On Thursday, President Obama put forth a bold new plan for higher education with the goal of increasing college affordability by linking federal aid to education outcomes.
The proposals call for a new college rating system to be put in place before 2015, which would rank schools according to tuition, graduation rates, debt and earnings of graduates. It would also take into account the percentage of lower-income students who attend. This would be a significant disruption to the current U.S. news ranking system, that though somewhat maligned is largely relied upon.
The new ratings would be directly tied to financial aid so that those on top would get more affordable loans and larger federal grants. The plan also calls on colleges to disburse student aid over the course of a semester, rather than as a lump sum at the start.
President Obama kicked off an unveiling of the plan in a campaign-style two day bus trip that began yesterday at the University of Buffalo.
“Higher education cannot be a luxury," said President Obama. "It's an economic imperative. Every American family should be able to afford to get it."
The only thing standing in the way of President Obama’s idea is Congress—and Congressional approval has stopped his efforts before. President Obama acknowledged this potential push back in his visit to the University of Buffalo.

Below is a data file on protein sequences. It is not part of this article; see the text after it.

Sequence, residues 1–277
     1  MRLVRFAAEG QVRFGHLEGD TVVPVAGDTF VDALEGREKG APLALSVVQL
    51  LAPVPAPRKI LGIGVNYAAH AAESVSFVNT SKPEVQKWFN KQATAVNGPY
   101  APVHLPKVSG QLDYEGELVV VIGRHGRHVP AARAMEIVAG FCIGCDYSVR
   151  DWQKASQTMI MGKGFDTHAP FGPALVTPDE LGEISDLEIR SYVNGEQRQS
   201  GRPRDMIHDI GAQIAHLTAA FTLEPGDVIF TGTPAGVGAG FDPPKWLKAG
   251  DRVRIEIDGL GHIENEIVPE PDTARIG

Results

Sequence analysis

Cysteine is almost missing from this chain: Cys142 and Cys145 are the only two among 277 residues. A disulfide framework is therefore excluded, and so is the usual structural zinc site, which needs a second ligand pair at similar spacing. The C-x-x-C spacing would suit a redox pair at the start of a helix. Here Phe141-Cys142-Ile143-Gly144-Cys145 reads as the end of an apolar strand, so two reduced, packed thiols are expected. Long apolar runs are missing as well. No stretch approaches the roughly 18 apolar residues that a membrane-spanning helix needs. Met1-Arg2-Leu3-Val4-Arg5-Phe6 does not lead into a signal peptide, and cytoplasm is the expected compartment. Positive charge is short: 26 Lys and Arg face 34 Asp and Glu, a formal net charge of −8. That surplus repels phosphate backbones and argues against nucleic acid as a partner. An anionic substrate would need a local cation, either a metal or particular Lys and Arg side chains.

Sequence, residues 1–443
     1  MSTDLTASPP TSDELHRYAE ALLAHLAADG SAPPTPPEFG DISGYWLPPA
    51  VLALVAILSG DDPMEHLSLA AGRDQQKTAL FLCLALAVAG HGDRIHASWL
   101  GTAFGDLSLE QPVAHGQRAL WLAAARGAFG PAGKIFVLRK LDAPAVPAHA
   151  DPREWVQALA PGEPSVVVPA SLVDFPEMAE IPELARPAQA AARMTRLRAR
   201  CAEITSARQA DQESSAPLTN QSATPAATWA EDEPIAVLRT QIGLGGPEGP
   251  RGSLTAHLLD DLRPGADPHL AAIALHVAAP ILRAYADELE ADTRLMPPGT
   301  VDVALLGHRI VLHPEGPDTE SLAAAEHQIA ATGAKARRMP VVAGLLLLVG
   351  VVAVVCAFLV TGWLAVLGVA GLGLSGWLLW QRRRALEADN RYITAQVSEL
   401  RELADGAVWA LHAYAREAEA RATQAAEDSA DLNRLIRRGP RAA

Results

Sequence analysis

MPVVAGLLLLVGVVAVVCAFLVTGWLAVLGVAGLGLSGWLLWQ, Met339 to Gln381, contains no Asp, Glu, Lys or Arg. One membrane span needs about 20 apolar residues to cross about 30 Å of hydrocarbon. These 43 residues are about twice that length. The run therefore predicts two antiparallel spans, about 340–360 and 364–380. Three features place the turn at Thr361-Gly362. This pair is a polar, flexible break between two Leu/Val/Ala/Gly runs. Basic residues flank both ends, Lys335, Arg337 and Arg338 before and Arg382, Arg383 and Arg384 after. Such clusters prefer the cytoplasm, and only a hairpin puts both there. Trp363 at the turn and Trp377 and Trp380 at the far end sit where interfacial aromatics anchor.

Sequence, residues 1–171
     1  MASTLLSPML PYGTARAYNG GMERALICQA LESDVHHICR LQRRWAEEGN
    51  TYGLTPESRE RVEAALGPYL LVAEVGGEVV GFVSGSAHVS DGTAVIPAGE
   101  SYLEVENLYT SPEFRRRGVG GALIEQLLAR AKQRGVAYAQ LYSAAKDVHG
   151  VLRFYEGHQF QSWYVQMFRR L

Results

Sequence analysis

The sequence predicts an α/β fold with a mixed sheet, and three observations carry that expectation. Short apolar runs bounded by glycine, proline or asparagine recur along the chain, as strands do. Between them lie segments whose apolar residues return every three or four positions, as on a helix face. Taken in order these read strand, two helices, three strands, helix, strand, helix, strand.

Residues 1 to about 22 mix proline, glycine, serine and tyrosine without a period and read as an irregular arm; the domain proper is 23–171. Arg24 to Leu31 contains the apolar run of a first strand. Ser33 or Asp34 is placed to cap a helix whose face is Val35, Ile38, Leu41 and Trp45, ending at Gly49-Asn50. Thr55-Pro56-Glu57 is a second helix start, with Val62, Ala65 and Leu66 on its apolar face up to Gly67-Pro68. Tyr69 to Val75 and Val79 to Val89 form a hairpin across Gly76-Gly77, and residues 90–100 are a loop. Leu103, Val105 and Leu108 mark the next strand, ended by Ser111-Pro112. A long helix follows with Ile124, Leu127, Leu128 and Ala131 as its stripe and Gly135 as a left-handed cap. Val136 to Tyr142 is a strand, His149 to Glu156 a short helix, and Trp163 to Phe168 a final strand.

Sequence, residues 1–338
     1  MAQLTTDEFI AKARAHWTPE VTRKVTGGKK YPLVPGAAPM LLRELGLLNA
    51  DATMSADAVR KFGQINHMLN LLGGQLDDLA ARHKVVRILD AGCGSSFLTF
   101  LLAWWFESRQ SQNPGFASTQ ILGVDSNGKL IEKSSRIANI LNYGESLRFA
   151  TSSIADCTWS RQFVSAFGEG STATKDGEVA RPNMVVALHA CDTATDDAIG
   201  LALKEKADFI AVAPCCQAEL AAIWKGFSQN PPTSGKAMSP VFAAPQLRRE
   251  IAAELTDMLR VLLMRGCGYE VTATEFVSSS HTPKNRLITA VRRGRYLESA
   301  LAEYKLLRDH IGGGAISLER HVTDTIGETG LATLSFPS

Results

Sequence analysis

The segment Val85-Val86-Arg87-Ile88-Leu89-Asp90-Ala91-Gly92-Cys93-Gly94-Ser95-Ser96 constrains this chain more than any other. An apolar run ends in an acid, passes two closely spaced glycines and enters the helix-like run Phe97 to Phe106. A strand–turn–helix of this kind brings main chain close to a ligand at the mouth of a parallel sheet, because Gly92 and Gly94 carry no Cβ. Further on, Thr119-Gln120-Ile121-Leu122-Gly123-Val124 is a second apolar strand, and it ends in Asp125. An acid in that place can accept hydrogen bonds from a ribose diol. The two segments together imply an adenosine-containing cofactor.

“These reforms won't be popular with everybody, especially those who are making out just fine under the current system," he said.
But in a time where the average borrower graduates with more than $26,000 in debt and faces an uncertain job market, affordability ranks high for many young people.
President Obama is wrapping up his tour today with a town hall visit to the SUNY Binghamton University, and a final stop at Lackawanna College in Scranton, Pennsylvania.
Kathryn Dura will be a senior at Binghamton High School this year. She’s already began the college search, and like every young person debt, jobs and finding a school that she likes are on her mind. Kathryn is joined by her father Dr. Paul Dura.